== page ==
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UCLA Magazine Winter 2003
The Rising
Honorable Intentions
The Cardinal of Westwood
The Littlest Bruin
Sensing the Future
Dershowitz, For the Defense
Bruin Walk

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Winter 2003
Sensing the Future
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Estrin hopes the clear connection between development of the emerging technology and the ability to address global concerns will similarly engage
a wider range of talented students,
helping to attract more diversity to the engineering field.
With that as a goal, CENS has focused on including undergraduates in its experimental research.

The Internet, Estrin points out, was able to emerge only through government investment in university research to create the enabling technology, overcome fundamental problems and ensure sufficient commonality to facilitate a worldwide phenomenon. The case for the university being the only feasible site to plant the seeds for a digital hook-up of the physical world is equally strong. "We're not burdened with needing to have a commercially viable business model the way that industry is," says Estrin. "By having science drive the technology, we're able to make leaps that aren't commercially viable to invest in."

Cozzens of the NSF agrees. "It probably involves the highest risk of all the Science and Technology Centers ... but universities are where this type of high-risk basic research can be done," he says.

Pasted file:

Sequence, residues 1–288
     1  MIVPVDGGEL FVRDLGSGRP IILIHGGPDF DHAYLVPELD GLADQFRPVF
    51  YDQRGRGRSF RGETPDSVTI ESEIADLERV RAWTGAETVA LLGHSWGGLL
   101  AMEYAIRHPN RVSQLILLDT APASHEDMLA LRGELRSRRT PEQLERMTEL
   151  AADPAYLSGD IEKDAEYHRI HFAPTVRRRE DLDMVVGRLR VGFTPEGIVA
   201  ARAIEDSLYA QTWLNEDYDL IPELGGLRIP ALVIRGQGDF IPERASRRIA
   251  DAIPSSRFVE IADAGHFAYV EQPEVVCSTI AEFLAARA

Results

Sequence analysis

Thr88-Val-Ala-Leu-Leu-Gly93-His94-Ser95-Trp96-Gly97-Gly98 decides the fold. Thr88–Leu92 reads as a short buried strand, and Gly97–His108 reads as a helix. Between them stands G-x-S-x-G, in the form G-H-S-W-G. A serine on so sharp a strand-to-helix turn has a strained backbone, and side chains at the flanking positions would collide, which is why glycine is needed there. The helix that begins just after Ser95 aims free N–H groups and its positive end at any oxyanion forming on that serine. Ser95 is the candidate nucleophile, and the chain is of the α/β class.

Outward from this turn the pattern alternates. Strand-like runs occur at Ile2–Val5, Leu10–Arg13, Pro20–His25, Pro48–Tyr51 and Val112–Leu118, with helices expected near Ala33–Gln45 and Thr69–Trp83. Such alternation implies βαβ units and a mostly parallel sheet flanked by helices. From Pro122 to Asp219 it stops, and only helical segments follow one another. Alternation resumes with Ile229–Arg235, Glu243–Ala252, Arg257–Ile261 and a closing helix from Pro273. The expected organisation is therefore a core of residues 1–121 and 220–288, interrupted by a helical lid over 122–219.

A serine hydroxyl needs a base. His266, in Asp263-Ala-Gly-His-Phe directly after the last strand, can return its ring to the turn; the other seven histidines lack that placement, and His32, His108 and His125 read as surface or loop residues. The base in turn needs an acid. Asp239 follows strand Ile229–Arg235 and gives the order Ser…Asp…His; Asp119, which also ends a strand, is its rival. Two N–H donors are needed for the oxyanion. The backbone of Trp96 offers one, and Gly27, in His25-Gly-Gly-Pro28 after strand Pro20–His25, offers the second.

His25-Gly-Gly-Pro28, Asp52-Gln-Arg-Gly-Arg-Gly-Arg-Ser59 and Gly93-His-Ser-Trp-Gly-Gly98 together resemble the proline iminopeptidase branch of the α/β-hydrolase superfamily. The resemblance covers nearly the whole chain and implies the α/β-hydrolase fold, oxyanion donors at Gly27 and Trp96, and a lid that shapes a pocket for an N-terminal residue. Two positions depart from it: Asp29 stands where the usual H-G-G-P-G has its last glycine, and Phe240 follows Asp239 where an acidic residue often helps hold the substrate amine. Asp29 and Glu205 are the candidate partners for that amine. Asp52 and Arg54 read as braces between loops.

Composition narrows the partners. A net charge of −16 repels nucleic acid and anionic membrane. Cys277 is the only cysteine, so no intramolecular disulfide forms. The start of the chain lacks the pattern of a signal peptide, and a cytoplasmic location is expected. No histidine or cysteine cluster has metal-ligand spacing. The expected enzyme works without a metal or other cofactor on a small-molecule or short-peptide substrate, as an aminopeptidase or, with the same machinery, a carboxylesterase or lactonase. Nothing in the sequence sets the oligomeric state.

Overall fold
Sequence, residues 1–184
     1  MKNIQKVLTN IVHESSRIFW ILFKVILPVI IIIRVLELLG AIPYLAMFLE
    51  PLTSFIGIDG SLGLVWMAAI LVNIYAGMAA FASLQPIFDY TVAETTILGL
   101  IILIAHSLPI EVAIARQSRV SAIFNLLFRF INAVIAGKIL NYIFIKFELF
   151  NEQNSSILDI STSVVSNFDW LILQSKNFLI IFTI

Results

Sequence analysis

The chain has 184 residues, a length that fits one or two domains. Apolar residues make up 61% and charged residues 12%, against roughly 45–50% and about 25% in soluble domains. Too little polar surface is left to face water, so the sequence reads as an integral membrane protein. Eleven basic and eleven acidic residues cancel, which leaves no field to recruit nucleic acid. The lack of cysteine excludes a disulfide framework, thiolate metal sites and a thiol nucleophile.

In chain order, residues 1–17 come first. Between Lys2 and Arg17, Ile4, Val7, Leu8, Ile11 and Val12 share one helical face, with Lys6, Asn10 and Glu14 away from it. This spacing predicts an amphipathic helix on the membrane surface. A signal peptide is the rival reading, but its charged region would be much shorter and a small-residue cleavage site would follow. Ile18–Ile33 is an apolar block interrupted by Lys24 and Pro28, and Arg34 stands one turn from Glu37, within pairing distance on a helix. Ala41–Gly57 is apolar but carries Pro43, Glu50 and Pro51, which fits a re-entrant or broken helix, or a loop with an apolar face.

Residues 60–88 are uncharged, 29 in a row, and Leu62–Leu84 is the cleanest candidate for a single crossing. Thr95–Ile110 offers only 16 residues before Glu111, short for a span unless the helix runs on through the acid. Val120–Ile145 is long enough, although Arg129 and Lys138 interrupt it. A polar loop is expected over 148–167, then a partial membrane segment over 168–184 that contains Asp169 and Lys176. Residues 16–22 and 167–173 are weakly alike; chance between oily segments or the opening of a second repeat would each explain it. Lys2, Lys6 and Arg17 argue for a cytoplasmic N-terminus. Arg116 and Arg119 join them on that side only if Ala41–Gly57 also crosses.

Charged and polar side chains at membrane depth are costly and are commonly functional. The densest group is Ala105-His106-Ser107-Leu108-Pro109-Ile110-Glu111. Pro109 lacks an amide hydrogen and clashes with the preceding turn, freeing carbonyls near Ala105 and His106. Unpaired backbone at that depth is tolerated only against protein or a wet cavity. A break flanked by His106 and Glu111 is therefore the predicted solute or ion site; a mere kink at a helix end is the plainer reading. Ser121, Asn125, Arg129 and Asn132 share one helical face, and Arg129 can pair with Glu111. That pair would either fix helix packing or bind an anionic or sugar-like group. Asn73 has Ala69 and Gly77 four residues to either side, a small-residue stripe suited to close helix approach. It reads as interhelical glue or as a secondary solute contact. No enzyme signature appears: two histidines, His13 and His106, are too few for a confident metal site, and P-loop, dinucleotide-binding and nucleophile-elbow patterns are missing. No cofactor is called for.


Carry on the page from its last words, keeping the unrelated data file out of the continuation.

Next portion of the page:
Moreover, in UCLA and its partner institutions, CENS can draw on the breadth of expertise needed to meet the challenge of embedded networked sensing, which requires a diverse set of researchers within engineering to collaborate with scientists in a variety of fields on problems that are themselves multidisciplinary.

"We speak different languages," says Philip Rundel, a UCLA biology professor and CENS member working on the James Reserve study. "Despite the tremendous advances in engineering and IT, there's been little cross-linkage between those fields and environmental science. But I'm learning more about what they can do, and they're learning more about the scientific questions we have. I'm realizing this isn't just about using this technology to do the same things better; it's using it to conduct studies that were never before possible."

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